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Ukranian Eggs

Ukranian eggs are some of the most beautiful artwork in the world. In this lesson, students are afforded the opportunity to create an original Pysanky egg.

  • Grade 2
    Grade 3
    Grade 4
  • 30 to 60 minutes
  • Directions

    1. Open this lesson with a read aloud of Patricia Polacco’s Rechenka’s Eggs. This is a story of an elderly woman who makes beautifully decorative eggs for the Easter festival, known as Pysanky. These eggs incorporate vivid colors and intricate patterns. After the read aloud ask students to retell the story and allow them to re-visit the illustrations to further observe the colors and patterns in the Babushka’s painted eggs.
    2. Inform students that they will each be making such an egg. Begin by asking students to draw and cut out egg shapes from cardstock. Teacher-made templates may be available if so desired.
    3. Provide each student with a piece of white construction paper, ruler, pencil and a pair of Crayola Pointed-Tip Scissors. Ask students to trace their egg-shaped template onto the white construction paper.
    4. Using a ruler, ask students to divide the egg in half lengthwise and across the width.
    5. Divide each of the halves in half again in both directions, creating a total of 16 parts to the egg.
    6. Take a few minutes to discuss the concept of symmetry and where it appears in nature. Remind students that half of their eggs will look the same, thus displaying symmetry.
    7. Encourage students to use lines and shapes to draw a different design in each box on one half of the egg. Draw the same designs on the other side of the egg, thus making it symmetrical. The designs can be images from nature such as flowers, plants or animals. They may also be patterns.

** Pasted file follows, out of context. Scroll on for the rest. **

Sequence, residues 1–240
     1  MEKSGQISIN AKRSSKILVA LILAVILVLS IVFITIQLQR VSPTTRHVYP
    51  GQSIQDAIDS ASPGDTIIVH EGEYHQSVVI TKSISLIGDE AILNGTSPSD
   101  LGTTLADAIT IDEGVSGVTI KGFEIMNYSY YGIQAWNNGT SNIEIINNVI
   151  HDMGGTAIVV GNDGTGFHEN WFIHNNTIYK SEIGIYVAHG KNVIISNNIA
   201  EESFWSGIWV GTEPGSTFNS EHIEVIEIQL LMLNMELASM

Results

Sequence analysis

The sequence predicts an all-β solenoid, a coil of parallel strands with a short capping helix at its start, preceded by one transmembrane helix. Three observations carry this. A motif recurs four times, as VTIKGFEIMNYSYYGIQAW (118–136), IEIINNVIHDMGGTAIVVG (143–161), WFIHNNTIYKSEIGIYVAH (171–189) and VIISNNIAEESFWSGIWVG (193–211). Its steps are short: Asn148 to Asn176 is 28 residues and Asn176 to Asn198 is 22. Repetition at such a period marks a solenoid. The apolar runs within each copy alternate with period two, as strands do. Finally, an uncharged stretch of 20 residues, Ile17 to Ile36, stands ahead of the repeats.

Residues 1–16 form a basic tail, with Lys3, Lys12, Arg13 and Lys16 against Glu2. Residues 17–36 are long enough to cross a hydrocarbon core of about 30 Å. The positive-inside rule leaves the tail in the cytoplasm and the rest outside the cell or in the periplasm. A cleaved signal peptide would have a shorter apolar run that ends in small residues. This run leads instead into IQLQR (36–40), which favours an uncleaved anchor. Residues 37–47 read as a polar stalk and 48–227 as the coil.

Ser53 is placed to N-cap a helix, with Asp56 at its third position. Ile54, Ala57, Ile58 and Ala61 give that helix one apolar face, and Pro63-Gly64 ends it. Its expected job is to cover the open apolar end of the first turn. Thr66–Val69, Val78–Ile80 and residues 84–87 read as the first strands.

8. Using Crayola Crayons, trace each design using a black crayon. Also trace the lines that divide the egg into sections.
    9. Using Crayola Watercolor Paints, paint the entire eff, remembering to keep the designs symmetrical in color as well.
    10. When the paint is dry, students cut out the egg shape. Display the eggs in the classroom and allow class time for students to discuss their choices in use of natural symbols, colors selected and patterns incorporated into their eggs.
  • Standards

    LA: Recount or describe key ideas or details from a text read aloud or information presented orally or through other media.

    LA: Engage effectively in a range of collaborative discussions (one-on-one, in groups, and teacher-led) with diverse partners on grade level topics, texts, and issues, building on others’ ideas and expressing their own clearly.

    MATH: Extend understanding of fraction equivalence and ordering.

    SS: Describe ways in which language, stories, folktales, music, and artistic creations serve as expressions of culture and influence behavior of people living in a particular culture.

    VA: Relate artistic ideas and works with societal, cultural and historical context to deepen understanding.

  • Adaptations

    Read other books by Patricia Polacco.

    Encourage students to compose up stories about their eggs.

    Divide other geometric shapes into halves and quarters. Incorporate patterns and symmetry into designs created on these shapes.

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  • Creativity.
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  • Collaboration.
  • Change.
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